Wednesday, November 27, 2013

David Lough is a Poor Royals' Version of Manny Machado...For Now

This could turn out to be a rambling post. The impetus for writing this one was just through exploration of FanGraphs’ leaderboards rather than through something structured and well-conceived. David Lough became relevant for the Royals in 2013 after Jeff Francoeur was shown the door (thankfully). Lough showed an ability to play all 3 outfield positions with slightly below average offense. In order to show that David Lough might be underrated, I will compare him to Manny Machado. 

Friday, November 22, 2013

Offseason Move 1: Jason Vargas

            With the first notable move of the offseason, the Royals signed Jason Vargas to a 4 year, $32M contract*. GM Dayton Moore cited things like “he always gives you a chance to win” and that he has a “mindset that [he’s] going to compete”. These kinds of phrases give no real information; if a player makes it to the major league level, he’s a competitor in some way. GMDM always makes these kinds of comments when referring to players, which suggests that he doesn’t value advanced statistics very much. However, when looking into Vargas’ stats and this deal, I think it could turn out to be a good partnership.

Thursday, November 21, 2013

Comparing Ranges of K% and BB%

Recently, I’ve begun comparing pitchers based on their K% and BB% going back to 2002, which is when batted ball data begins to become available on FanGraphs. My thought is this: pitchers have pretty good control over their K% and BB%, so those reflect true skill. What I want to see is a range of effectiveness for pitchers in the MLB within a set range of K% and BB% to compare players. I recently looked into John Lamb, who is a pitching prospect in the Royals minor league system. What follows is not a rigorous analysis but just something interesting I observed.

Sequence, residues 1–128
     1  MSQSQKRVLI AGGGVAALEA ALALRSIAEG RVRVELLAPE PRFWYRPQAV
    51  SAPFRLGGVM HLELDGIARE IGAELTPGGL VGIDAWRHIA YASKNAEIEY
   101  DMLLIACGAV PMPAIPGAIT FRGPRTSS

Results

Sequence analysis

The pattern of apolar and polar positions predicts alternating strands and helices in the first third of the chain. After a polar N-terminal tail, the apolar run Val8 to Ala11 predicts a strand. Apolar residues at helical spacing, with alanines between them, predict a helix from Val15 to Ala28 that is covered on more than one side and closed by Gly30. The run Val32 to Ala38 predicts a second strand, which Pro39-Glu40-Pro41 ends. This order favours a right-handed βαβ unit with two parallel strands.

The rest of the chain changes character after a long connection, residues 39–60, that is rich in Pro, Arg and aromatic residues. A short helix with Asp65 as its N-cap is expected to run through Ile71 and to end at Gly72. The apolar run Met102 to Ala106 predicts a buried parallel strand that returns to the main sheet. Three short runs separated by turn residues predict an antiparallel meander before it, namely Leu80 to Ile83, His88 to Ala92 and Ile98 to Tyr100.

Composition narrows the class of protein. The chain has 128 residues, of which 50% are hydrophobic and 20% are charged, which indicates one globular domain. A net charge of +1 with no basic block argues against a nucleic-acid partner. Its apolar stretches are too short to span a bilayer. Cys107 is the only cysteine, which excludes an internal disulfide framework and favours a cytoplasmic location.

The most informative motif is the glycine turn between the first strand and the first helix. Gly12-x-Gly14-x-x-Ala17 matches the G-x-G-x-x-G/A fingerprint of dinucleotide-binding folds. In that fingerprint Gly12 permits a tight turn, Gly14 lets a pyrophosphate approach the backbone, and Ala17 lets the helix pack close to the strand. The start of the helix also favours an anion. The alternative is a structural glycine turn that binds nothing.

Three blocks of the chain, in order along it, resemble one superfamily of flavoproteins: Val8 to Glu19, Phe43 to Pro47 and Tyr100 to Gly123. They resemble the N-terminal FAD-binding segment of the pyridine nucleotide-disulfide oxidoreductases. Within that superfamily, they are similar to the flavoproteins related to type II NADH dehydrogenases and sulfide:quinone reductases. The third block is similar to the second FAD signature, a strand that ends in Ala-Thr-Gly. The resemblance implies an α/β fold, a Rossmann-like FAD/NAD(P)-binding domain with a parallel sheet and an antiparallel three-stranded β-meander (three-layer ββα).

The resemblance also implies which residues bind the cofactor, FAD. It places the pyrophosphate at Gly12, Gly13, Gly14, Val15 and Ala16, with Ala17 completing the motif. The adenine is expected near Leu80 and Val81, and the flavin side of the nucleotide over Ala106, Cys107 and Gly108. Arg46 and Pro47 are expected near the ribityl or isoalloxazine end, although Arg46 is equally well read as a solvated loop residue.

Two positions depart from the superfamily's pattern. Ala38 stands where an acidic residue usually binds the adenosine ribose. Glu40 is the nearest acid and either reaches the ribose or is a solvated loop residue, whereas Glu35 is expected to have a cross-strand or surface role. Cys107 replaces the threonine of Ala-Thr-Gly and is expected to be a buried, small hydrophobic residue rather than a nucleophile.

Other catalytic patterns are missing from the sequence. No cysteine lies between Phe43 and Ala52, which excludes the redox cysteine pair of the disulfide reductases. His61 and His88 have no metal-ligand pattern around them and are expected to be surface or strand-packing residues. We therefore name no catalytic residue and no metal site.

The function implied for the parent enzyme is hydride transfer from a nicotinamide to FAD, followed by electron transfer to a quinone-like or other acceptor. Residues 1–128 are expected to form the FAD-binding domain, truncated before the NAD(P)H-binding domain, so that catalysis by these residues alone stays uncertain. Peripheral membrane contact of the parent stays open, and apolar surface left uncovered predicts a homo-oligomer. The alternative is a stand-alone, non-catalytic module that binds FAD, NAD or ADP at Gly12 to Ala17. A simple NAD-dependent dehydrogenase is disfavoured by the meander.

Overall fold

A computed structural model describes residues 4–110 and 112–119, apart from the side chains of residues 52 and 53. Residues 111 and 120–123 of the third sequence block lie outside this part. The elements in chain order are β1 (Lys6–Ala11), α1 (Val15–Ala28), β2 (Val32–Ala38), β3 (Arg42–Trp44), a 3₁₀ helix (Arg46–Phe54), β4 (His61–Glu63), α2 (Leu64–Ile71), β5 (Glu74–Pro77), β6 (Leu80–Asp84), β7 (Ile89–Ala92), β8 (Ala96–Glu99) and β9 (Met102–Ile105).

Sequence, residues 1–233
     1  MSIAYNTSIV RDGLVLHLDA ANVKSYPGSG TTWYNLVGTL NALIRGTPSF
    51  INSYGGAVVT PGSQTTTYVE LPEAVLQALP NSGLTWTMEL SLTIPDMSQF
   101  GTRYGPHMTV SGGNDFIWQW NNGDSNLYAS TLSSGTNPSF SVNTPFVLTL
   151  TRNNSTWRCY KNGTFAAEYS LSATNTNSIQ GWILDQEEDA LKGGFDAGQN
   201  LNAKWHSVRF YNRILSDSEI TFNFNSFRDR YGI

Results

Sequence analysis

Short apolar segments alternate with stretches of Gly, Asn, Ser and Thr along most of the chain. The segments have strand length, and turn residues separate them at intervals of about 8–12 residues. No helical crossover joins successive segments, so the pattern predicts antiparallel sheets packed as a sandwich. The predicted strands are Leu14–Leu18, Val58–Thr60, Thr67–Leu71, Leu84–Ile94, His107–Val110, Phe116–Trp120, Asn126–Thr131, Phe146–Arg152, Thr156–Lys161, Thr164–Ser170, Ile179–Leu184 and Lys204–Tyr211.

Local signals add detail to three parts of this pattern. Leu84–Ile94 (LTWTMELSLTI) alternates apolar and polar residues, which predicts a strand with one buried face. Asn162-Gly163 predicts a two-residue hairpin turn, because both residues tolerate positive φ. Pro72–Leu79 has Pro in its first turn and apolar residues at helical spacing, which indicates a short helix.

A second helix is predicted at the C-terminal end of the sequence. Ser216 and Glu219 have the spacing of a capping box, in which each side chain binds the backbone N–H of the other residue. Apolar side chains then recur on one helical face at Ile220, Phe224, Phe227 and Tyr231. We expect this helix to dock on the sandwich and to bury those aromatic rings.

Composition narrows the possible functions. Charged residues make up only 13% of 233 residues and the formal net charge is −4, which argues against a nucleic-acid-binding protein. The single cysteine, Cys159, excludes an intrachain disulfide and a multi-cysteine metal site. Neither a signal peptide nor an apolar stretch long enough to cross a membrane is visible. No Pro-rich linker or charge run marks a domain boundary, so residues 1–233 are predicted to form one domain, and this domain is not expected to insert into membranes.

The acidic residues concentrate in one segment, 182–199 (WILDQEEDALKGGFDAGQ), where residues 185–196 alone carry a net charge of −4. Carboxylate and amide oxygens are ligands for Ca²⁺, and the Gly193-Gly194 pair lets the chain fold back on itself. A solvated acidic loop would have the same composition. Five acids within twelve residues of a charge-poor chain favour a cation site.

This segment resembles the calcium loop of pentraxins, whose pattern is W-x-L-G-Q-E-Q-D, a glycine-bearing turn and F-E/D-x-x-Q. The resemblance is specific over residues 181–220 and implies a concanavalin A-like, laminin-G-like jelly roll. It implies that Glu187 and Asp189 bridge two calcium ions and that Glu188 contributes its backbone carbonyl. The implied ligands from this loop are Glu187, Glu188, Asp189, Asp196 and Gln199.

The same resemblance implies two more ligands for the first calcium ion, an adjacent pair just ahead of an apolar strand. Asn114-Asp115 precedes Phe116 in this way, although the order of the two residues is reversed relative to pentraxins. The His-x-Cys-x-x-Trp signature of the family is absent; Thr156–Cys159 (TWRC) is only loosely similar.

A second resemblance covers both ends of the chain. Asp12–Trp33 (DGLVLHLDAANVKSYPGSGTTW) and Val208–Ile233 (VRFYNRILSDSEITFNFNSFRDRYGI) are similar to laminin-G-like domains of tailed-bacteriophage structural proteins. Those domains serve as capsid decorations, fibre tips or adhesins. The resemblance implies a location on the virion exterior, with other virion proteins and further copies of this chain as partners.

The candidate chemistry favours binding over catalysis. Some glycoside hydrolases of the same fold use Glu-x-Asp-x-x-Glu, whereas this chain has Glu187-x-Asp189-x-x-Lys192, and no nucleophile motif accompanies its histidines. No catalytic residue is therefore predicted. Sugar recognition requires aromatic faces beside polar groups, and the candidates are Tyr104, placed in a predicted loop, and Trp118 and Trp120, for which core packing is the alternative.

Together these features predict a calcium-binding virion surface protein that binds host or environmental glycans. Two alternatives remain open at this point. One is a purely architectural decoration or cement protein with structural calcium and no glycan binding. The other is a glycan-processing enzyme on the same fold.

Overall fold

Monday, November 11, 2013

Where Escobar's Poor Offense Is Explained

Alcides Escobar started 2013 almost right where he left off in 2012. In March and April, Escobar hit .286/.330/.439 with a .287 BABIP. Things were looking great. It appeared that his good offensive performance in 2012 would continue in 2013. However, that's not how the rest of 2013 turned out. Escobar's season went downhill very quickly after the initial start. Escobar's BABIP did decrease after that initial month, but it did not decrease very much. Escobar's horrible offensive season had other factors behind it. 

Tuesday, November 5, 2013

Positional Flexibility and Salvador Perez

According to a statement by Ned Yost in late September, Salvador Perez is going to play first base in winter ball. Yost wants to see if Perez’s glove could work there, and he believes that Perez has the defensive talent to play there. This could easily be nothing; for the conspiracy theorists, this could point even more toward a Billy Butler trade. Theorizing aside, why would Yost want to see if Perez can play first base?